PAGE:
By Daniel Terdiman
Staff Writer, CNET News.com
November 16, 2005 4:00 AM PT
If you've been to a technology event recently, especially one with a high concentration of digerati, you may have seen someone stand up and tell everyone what the event's Flickr tag is.
It may sound like another language, and in a way it is: Flickr is a popular photo-sharing service that allows anyone to view most of the more than 50 million member-submitted images it hosts. Tags, meanwhile, are the searchable keywords the individuals can assign to either their own images or to those of nearly anyone else that say something about the information--the defining characteristic of Flickr and a growing number of other online services.
"In Flickr, tags worked because they were fundamentally social," said Stewart Butterfield, Flickr's co-founder. "By agreeing on a tag in advance, users could collectively curate collections of photos in a dead simple way. Now we see people announcing at events, 'The tag for this is baychi05' and stuff like that."
The idea behind tagging may be irresistibly simple, but its ramifications are enormous and complex. For more than a decade, the primary way to categorize and find information on the Internet was through the automated algorithms of search engines, a process at once laborious and highly imprecise. Tagging has quickly gained popularity because it allows human beings to bring intuitive organization to what otherwise would be largely anonymous entries in an endless sea of data.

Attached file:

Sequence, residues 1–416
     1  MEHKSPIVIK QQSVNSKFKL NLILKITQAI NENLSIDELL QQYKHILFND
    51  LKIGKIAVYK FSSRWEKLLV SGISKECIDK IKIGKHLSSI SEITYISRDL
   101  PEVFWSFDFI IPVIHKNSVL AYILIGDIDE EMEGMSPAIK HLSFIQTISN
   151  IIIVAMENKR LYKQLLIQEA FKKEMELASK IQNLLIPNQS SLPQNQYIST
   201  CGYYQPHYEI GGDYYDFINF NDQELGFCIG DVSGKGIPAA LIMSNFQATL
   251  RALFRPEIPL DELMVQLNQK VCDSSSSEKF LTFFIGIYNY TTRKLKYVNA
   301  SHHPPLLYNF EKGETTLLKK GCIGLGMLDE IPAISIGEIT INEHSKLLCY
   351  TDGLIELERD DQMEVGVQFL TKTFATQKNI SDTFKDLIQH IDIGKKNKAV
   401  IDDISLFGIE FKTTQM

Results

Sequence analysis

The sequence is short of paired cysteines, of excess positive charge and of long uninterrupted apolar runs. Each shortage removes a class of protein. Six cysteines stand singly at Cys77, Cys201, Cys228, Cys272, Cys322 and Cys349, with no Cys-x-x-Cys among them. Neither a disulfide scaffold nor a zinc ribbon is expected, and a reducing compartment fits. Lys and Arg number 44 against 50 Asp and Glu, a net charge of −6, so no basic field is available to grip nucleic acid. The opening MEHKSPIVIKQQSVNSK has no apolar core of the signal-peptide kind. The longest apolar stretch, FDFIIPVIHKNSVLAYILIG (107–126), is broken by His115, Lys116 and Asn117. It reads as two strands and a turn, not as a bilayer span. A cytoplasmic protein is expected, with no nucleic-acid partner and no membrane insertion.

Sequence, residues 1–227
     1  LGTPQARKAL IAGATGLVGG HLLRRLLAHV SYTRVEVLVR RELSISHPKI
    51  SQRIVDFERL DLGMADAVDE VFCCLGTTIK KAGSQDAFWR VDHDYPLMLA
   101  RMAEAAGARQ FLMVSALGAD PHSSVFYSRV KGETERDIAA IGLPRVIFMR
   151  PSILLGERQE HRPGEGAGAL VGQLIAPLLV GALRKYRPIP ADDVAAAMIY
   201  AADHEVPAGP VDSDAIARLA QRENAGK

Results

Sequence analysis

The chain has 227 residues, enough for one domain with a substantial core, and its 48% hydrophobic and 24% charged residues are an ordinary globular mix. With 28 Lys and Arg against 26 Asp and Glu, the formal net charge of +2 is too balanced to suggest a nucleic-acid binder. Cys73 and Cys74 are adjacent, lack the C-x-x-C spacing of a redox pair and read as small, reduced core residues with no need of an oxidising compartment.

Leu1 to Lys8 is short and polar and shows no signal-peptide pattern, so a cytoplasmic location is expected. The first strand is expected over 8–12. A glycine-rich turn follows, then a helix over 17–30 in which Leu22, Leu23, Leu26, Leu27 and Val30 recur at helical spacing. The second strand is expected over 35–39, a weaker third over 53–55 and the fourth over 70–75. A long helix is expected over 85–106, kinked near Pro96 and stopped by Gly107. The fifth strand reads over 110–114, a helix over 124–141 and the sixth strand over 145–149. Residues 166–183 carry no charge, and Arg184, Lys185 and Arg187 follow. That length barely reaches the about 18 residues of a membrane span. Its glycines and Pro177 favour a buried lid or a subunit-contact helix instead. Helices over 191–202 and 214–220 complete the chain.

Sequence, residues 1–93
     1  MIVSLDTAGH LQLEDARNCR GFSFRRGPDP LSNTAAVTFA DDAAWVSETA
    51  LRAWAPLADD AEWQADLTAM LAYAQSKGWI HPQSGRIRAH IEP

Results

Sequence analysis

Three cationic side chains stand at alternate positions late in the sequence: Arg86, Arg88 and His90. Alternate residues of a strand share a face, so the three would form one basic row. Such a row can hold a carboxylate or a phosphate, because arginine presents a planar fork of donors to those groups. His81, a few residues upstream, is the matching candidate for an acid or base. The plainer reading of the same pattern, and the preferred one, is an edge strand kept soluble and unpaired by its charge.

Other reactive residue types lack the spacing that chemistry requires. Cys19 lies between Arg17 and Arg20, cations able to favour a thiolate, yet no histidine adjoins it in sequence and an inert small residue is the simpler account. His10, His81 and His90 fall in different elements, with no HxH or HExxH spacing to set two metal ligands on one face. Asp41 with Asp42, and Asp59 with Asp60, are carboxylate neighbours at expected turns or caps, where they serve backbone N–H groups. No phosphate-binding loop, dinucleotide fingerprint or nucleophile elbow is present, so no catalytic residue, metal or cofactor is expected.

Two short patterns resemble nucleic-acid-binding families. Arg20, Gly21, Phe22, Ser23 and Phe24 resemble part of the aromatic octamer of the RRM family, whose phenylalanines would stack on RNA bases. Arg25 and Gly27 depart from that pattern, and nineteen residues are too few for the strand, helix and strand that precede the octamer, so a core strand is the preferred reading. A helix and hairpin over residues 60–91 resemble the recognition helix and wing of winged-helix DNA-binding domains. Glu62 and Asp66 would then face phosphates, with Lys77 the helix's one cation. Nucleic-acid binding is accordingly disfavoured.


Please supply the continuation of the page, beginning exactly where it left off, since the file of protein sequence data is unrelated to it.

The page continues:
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Moreover, beyond its practicality, others find a philosophical significance in tagging because it is consistent with the social thinking often associated with the beginnings of the Internet. What many fans of tagging like best is that it is a system that empowers individuals. And after years of users trying to find their way around Web sites using categories defined by a small number of people running those sites, tagging is a huge relief.
"We've had this decades-long program of top-down metadata. People (were asked) to go out and become familiar with one ontology and to make sure data is categorized like this. But people are not very good at this," said Cory Doctorow, an editor of the technology culture blog BoingBoing and the European outreach coordinator of the Electronic Frontier Foundation. "I think what's completely right about folksonomies is asking people to do something for their own benefit, to have them organize their own information and then find the accidental or fortuitous positive externalities."
Because tagging is used as an indexing tool and as a way to search for information, both in discrete databases or across the Internet, some say it is conceivable that the technology could one day give search engines like Google a run for their money.
Brad Hill, an author who has written about search engines, sees tagging at this stage as a tool for collaborative social use, not for universal searching. But he added that tagging could become so deeply embedded in the social fabric that "tag clouds"--large groupings that collectively cover many areas of information--could one day become the first search choice for many people.